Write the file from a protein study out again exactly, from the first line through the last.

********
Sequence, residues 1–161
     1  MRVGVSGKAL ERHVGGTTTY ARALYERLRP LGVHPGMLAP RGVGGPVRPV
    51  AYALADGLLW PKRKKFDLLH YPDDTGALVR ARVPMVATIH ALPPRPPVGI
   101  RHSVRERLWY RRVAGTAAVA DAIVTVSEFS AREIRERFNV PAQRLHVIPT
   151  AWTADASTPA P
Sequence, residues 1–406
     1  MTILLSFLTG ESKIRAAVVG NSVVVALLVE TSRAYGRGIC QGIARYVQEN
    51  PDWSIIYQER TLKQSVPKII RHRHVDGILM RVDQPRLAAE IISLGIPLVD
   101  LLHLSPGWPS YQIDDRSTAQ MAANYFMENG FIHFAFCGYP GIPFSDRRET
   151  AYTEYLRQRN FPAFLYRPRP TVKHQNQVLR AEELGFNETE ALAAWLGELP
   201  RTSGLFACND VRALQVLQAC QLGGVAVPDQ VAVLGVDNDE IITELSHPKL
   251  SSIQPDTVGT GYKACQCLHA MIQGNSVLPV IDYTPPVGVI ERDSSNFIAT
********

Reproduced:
Sequence, residues 1–161
     1  MRVGVSGKAL ERHVGGTTTY ARALYERLRP LGVHPGMLAP RGVGGPVRPV
    51  AYALADGLLW PKRKKFDLLH YPDDTGALVR ARVPMVATIH ALPPRPPVGI
   101  RHSVRERLWY RRVAGTAAVA DAIVTVSEFS AREIRERFNV PAQRLHVIPT
   151  AWTADASTPA P
Sequence, residues 1–406
     1  MTILLSFLTG ESKIRAAVVG NSVVVALLVE TSRAYGRGIC QGIARYVQEN
    51  PDWSIIYQER TLKQSVPKII RHRHVDGILM RVDQPRLAAE IISLGIPLVD
   101  LLHLSPGWPS YQIDDRSTAQ MAANYFMENG FIHFAFCGYP GIPFSDRRET
   151  AYTEYLRQRN FPAFLYRPRP TVKHQNQVLR AEELGFNETE ALAAWLGELP
   201  RTSGLFACND VRALQVLQAC QLGGVAVPDQ VAVLGVDNDE IITELSHPKL
   251  SSIQPDTVGT GYKACQCLHA MIQGNSVLPV IDYTPPVGVI ERDSSNFIAT